Claudia Traboni, MixITiN ESR9, talks about the new “normal”
Dear readers, we all know how it feels to stay home for weeks or even months during these hard times due to the outbreak of the Covid-19. Nevertheless, for those who have had the chance to work from home there are some funny anecdotes. In this blog, I would like to share some of the situations I have gone through over the last month (that I would not even have imagined to be possible).
Domestic unicellular friends
Before all this chaos started, I used to grow my plankton samples in the laboratory, refreshing their medium or feeding them every now and then. Now that I am in self-isolation, I am thus unable to feed my pIankton. But I could not just let them starve on their own. I set out to find a way to save my precious mixoplankton. So, before starting the quarantine period, I prepared several sterile medium-containing flasks and kept them in the refrigerator. I selected all the cultures I wanted to take care of and took them home along with their prey. Once every 15 days I am now refreshing the dense cultures into new dilute fresh medium and feeding them. I expose them to the natural light of my house just like old planktonologists used to do back in the days. In the pictures below you see the small unicellular garden I have made: four family generations of the mixoplankters Karlodinium armiger and Karlodinium veneficum that I feed with Rhodomonas salina and they are doing fantastically! I am seriously growing feelings towards them as if they are my domestic pets.
“Smart working” is actually working!
Pre-COVID-19 I was involved in a very big experiment in which I had to monitor the growth of protists (mixoplankton and its prey) and predators (copepods) over 20 days. I remember how hard it was to prepare all the materials and to keep everything under control during those three weeks. Big tanks, endless filters and vials, different copepod stages to look at, two prey species to analyse and hundreds of samples to count. Now here we are, at home! How would I be able to keep analysing my samples when self-isolating and not lose my productivity? Well, it was rather easy! I put all the samples in a box and grabbed a microscope we had at the laboratory. Et voilá! I brought everything home and literally established a micro-laboratory in my own living room. I also collected all the necessary tools that I would need to process the samples. In an environmentally-friendly way I am putting the experimental wastes in a bottle temporarily so that I can eventually dispose them according to the protocols at proper facilities.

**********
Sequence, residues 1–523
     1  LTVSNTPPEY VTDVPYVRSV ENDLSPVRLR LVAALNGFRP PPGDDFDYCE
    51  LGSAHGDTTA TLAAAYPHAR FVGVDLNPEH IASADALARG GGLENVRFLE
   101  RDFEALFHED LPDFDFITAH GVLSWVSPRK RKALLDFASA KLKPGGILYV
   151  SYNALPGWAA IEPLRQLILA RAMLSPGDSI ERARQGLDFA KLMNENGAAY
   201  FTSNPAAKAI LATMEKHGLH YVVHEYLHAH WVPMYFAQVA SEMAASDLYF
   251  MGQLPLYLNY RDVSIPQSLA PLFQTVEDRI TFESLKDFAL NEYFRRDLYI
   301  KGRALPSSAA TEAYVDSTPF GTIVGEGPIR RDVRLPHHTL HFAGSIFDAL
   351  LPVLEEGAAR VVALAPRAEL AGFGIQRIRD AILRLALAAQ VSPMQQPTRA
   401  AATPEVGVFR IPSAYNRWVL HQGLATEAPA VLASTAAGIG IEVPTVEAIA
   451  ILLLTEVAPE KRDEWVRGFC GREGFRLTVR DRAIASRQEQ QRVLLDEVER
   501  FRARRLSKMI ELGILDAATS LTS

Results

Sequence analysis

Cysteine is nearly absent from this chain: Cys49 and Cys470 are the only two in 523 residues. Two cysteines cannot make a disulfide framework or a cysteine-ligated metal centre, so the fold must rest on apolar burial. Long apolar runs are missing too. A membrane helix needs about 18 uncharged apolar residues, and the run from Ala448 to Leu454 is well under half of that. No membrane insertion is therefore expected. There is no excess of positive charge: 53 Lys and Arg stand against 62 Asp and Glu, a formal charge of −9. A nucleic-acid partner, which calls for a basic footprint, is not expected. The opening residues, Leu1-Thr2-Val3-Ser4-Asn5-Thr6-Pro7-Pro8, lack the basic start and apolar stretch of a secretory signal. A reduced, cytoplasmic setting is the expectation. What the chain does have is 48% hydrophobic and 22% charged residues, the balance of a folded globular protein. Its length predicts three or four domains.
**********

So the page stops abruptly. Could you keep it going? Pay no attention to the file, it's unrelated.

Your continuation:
Remote spreading of the mixoplankton paradigm
I have been doing science dissemination throughout my MixITiN Project. In fact, as you may have read in my blog post last year, I am particularly passionate about drawing. And, plankton are always special subjects in my artworks. So a big question for me was – how would I still be able to involve people in plankton research without leaving my apartment? And, how would I be able to engage people with something that is invisible to the naked eye without a real microscope? Well, fortunately, modern social network platforms have allowed me to set up a remote connection with the children of a primary school here in Barcelona, upon request from the science dissemination group based at my host institute. In line with this educational initiative, I was delighted to involve children in plankton stories making use of art. I have shown and told them about the diversity in plankton and the different roles of the plankton by projecting my drawings onto their screens. I have also made a short videoclip on planktonic food webs. I discussed this with the school children. They were absolutely amazed by the fantastic shapes and clever strategies of the unicellular mixoplankton; they were also interested in the curious world of phyto- and zooplankton. It was a very exciting moment when one of the children said: “Claudia, thank you very much for teaching us a lot of new stuff on plankton today”. The teachers were also very kind: “We are very grateful and your drawings are beautiful”. That meant a lot to me, and it would not have happened in an ordinary day!